So I thought I’d talk about earthquakes and their risks more deeply and more frankly than I usually do on this blog. I’m doing this because the catastrophes of 2020 have given us all a lot to think about, and if your perspective on those things has evolved — for instance, the way you react to masks — maybe you can think about earthquakes from a different perspective too. Let me stipulate right off that this is only my earthquake advice, and that I speak for no one else and do not pretend to supplant the US Geological Survey, the state Office of Emergency Services or any other authority, although I endorse everything they say.

Oakland is a special case when it comes to earthquakes. Here the risks are different from most other cities because the Hayward fault runs through the whole city, including some important parts. And the long-anticipated large earthquakes — not just one Big One like the 1868 earthquake but about ten times as many damaging Pretty Big Ones — will hit the whole city hard, not just along the fault.

Every so often, someone writes to me with a question about buying or living at a homesite on the Hayward fault. For them it’s always about the fault itself. Something about a rip in the ground on a million-dollar piece of property brings out these sharply felt concerns about “The Fault.”

I’m not a licensed geologist, so what I can say is legally limited. I always say that first. Practicing geology in California without a California geologist’s license is a crime. If someone really wants specifics, they need to engage the correct professional — architects, contractors, geotechnical engineers, home inspectors, lawyers — and all of those experts are legally limited too. The expertise of specialists is partial and does not add up to certainty or wisdom.

The ways I try to help questioners are to provide data about the hazard and correct errors in their thinking about the risk. Here’s an example: a person wrote me with a question about a house that was apparently right on the fault. They’d looked up all the maps they could find, but wanted newer maps, maybe unpublished maps, that showed the fault’s location more precisely. They were asking for more knowledge about the hazard, namely a rip in the ground that damages the house.

Before answering, I had to step back, because better maps aren’t available (if they even exist) and aren’t necessary for making a decision. The thing about the fault is that we don’t precisely know where the rip in the ground is, except in a few well-defined places. And even where we do, the fault is not just a sharp line on the ground but a zone, sometimes tens of meters wide, that will warp and crumble when the fault gives way. In other places, like the south end of Redwood Heights, we aren’t sure where it even is.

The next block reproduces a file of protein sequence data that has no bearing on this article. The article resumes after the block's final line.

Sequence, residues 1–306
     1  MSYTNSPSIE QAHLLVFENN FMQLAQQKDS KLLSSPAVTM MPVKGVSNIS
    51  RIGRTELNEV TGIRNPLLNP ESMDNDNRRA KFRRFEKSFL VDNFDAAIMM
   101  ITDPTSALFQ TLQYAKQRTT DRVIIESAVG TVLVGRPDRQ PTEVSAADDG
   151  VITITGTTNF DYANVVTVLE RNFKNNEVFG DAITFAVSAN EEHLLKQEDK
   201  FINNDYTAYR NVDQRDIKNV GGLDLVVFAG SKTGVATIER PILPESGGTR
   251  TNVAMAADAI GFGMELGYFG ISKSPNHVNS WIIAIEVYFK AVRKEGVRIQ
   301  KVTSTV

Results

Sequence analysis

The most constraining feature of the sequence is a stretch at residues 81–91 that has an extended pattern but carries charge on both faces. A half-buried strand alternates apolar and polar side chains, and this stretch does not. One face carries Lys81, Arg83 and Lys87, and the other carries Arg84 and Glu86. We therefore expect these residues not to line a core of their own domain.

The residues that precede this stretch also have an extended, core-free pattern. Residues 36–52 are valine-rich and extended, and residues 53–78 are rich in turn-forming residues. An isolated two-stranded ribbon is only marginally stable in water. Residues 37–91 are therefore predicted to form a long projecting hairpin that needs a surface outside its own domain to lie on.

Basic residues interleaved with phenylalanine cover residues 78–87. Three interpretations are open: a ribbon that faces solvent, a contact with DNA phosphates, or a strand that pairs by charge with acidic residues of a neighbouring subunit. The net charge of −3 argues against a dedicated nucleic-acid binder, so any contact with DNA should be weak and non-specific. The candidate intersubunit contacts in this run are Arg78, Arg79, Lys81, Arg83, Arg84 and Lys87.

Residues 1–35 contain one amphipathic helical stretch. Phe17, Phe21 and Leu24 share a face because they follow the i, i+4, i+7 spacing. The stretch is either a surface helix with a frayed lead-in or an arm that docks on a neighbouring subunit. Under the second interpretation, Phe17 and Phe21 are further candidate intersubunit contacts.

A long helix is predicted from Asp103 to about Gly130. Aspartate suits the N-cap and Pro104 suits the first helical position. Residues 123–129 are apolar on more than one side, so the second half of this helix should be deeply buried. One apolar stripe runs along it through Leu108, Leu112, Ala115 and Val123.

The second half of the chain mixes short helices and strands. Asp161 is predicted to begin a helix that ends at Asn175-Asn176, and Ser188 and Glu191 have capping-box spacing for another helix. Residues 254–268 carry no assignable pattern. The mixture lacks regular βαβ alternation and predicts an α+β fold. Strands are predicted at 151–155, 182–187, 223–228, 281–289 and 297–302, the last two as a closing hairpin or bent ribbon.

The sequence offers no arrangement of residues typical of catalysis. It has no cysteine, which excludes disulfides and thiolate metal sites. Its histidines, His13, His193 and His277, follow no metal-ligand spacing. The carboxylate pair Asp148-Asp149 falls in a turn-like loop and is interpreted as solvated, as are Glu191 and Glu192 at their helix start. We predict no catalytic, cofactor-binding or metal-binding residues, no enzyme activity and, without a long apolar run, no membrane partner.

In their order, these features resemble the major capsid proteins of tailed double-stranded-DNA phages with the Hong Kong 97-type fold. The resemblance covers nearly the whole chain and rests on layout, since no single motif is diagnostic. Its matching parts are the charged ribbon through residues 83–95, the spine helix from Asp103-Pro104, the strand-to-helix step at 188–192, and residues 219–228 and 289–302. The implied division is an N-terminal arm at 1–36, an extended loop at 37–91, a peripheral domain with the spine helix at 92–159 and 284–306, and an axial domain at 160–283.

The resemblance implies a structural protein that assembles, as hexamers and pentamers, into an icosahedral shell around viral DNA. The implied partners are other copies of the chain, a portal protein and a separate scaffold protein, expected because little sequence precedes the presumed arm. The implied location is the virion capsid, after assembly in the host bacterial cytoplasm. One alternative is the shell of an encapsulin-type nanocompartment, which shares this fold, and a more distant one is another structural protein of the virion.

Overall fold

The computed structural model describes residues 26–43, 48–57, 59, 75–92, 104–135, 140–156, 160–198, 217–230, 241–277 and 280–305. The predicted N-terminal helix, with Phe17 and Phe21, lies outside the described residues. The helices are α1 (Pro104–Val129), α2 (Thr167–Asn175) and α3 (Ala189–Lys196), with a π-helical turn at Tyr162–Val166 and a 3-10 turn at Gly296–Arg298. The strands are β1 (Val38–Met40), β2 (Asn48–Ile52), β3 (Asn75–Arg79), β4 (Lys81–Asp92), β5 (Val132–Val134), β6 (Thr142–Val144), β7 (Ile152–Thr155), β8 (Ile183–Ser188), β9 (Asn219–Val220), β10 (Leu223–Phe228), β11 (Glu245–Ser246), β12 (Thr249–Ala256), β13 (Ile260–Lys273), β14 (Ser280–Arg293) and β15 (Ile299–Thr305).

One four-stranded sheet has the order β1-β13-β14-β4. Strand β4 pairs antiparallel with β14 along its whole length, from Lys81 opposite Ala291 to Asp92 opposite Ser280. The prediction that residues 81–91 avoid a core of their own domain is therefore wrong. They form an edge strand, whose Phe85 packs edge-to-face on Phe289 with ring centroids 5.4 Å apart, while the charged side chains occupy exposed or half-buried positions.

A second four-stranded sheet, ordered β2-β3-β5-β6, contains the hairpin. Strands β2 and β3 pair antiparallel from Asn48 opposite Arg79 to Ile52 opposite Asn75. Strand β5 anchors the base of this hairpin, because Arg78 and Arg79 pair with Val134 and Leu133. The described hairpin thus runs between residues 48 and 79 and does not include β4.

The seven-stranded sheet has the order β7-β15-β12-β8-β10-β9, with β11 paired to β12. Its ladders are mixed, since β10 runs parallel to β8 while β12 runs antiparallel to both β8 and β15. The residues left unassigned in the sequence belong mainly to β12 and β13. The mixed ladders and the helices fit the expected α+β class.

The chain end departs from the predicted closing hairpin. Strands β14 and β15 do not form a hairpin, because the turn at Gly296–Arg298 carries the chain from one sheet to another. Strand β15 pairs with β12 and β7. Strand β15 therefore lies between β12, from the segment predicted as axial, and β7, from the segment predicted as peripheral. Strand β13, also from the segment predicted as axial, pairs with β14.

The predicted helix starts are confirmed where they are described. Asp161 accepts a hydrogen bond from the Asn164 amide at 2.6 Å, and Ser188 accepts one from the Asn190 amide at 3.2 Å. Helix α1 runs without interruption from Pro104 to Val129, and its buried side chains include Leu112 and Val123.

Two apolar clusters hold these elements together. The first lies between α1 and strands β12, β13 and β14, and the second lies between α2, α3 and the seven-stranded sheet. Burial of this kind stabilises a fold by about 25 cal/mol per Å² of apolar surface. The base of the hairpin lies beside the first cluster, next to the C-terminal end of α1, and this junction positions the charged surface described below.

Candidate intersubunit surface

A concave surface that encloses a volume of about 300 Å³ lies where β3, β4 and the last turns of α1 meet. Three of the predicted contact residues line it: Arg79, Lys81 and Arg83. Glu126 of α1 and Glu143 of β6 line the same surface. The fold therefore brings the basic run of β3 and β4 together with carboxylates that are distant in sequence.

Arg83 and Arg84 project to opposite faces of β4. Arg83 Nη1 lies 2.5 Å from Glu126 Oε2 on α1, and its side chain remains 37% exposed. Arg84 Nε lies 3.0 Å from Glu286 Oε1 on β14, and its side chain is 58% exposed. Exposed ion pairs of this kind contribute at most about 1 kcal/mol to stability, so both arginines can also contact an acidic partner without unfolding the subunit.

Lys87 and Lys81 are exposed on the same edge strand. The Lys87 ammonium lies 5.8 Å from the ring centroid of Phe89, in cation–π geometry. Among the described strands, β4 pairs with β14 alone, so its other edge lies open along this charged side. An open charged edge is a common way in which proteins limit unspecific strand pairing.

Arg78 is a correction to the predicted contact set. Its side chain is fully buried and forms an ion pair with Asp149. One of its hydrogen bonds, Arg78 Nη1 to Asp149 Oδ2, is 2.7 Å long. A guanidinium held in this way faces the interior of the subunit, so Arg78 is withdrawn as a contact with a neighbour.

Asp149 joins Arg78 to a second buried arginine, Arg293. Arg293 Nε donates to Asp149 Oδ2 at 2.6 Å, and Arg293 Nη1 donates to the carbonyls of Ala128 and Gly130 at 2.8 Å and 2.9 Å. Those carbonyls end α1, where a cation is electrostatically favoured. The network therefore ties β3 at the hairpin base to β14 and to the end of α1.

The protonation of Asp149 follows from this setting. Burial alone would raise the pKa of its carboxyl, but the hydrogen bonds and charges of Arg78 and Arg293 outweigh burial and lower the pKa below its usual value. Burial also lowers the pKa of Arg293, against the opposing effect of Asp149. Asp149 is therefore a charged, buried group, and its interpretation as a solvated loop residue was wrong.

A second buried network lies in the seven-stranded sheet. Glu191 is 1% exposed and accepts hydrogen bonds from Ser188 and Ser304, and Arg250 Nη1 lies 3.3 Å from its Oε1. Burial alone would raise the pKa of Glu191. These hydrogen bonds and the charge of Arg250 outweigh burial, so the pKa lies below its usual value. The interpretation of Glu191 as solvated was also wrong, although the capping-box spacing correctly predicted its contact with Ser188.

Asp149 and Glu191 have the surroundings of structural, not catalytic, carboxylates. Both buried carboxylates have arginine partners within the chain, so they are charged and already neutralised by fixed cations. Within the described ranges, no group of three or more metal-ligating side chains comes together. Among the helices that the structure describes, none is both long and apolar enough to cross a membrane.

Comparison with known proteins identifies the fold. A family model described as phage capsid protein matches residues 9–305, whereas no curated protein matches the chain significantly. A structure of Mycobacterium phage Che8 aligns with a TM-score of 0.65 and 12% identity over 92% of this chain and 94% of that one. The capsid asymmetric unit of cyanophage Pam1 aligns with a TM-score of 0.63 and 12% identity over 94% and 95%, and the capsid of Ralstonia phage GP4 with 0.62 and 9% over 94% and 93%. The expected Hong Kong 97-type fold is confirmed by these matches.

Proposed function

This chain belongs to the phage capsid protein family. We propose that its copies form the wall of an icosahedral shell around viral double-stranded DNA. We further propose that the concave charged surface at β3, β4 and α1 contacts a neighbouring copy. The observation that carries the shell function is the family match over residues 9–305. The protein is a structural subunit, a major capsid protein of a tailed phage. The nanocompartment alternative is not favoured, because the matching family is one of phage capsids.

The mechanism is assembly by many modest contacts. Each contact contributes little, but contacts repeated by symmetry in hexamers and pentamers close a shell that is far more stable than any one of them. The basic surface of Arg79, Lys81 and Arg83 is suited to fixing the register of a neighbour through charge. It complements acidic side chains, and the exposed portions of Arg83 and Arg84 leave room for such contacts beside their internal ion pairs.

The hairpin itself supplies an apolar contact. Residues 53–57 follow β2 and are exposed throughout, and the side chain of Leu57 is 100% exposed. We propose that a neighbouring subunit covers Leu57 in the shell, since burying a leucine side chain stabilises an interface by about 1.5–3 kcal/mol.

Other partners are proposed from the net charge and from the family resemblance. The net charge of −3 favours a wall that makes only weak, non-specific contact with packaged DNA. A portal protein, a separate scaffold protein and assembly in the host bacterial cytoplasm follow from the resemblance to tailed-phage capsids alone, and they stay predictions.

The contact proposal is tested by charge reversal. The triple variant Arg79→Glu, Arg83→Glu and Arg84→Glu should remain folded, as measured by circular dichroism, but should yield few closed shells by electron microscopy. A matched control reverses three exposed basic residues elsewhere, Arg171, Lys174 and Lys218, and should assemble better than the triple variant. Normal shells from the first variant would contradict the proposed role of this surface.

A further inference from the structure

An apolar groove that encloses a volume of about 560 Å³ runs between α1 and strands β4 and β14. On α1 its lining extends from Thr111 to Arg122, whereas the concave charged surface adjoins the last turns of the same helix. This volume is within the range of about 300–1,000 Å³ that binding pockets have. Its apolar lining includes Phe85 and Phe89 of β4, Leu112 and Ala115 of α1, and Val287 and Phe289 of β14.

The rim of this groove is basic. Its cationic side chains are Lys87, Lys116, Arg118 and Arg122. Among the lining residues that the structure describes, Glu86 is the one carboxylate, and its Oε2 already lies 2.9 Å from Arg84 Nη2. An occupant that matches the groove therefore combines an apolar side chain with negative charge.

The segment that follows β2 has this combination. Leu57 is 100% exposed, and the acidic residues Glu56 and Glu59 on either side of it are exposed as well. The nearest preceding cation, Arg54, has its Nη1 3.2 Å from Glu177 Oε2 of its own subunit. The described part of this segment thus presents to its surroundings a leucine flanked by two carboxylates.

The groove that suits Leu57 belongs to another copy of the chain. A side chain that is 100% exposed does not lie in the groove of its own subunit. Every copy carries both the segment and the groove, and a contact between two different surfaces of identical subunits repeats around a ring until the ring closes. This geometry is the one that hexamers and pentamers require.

Earthquakes happen deep underground, where most of the energy is, and the surface where we live is near the outer edge of most quakes. Up here along that outer boundary, being “on the fault” gets fuzzy. Every large earthquake is different. You can’t count on the ground breaking in the same place each time.

The state’s official solution to this uncertainty is the Alquist-Priolo Act, under which the authorities do their best to map active faults and then establish a wider zone around the faults (usually 50 feet) that effectively has the same hazard. Insurance companies, for instance, rely on these. So my answer to questions about better fault maps is that (1) this is as good as they get and (2) this is as good as they need to be.

There is one way to get more certainty, which is to look at the ground very carefully, and call in an expert to confirm any suspicions that arise. That’s because the Hayward fault doesn’t only rip the ground; it also pulls the ground, very slowly, all the time — the process called aseismic creep, or just “creep” for short. If creep on the fault is already pulling the house apart, the signs may be there, although deep landslides can create the same signs.

This is about the best one can do in gauging the hazard for a particular site. As for the risk, well, being in an Alquist-Priolo zone presents a relatively high risk and being directly affected by creep presents a risk that is absolutely high, not just relatively high. But like I said, the next rip in the ground may come somewhere else, maybe across the street, so the risk is still not 100 percent certainty.

This is where I step even further back, back to where knowledge may edge into perspective. From here, all natural threats are alike at their core. I can tell you this: Earthquakes are inevitable threats, but homebuyers roll the dice and most of them come out winners, because they survive without experiencing a Big One and their houses sell at a profit, and in the meantime they have enjoyed years of pleasurable life in their homes. Even a house directly on the fault, if it’s well sited and well made, will not kill you in a major earthquake.

I think that’s the attitude most people around here have, a California attitude. It strikes outsiders as odd, as I recorded in a story at the end of this post from 2017.

But life and death are not the only risk considerations. There’s also injury, damage and inconvenience, matters that mix concern with money. I’ll get into that topic in posts to come.